The feasting table as the gateway to hell on the early modern stage and page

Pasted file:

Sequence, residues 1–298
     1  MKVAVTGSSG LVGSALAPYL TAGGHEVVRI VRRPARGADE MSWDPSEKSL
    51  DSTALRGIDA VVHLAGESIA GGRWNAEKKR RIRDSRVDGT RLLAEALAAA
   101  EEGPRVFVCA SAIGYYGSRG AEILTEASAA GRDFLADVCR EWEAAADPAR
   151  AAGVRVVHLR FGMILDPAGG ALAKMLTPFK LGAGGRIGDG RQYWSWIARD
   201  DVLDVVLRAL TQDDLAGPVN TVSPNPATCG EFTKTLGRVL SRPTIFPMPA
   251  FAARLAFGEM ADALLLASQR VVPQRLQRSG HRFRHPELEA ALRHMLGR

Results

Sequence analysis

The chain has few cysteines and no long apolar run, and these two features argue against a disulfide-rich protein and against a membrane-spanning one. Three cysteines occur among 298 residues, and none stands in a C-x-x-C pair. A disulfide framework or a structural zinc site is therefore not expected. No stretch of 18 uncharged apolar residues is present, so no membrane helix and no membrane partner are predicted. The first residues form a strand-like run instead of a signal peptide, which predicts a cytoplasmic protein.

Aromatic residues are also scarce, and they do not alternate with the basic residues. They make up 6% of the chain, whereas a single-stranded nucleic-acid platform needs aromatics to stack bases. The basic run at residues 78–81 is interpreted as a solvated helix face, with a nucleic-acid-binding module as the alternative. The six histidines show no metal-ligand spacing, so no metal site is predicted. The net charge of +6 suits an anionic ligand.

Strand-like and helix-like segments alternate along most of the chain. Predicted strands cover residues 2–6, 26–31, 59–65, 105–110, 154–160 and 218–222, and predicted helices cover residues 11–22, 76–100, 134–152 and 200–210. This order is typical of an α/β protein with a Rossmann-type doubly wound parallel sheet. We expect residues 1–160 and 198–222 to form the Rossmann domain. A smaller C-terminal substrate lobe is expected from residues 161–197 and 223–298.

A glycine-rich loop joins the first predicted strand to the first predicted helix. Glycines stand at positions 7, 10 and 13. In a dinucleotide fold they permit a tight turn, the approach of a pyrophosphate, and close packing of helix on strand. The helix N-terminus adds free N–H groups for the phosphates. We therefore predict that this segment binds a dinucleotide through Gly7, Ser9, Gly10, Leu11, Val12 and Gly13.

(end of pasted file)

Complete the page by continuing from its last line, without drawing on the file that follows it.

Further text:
When banquets are performed on the early modern stage, devils can be seen beside the eaters. This is notably the case when grace has not been said properly before the meal. This article focuses on a group of four texts: Thomas Dekker's If This Be Not a Good Play, The Devil Is In It (1611), Thomas Heywood and Richard Brome's The Late Lancashire Witches (1634), William Winstanley's The Essex Champion (1690?), and Christopher Marlowe's Dr Faustus (c.1592). These texts contain particularly striking examples of an early modern anxiety about the importance of saying grace and eating piously rather than greedily for maintaining hierarchies within the state and the household. They also show the ways in which debates about the Eucharist underlie, and can be mapped on to, representations of saying grace. The article demonstrates that the theatre makes visible early modern concerns about souls imperilled and household hierarchies destabilised by improper eating practices.
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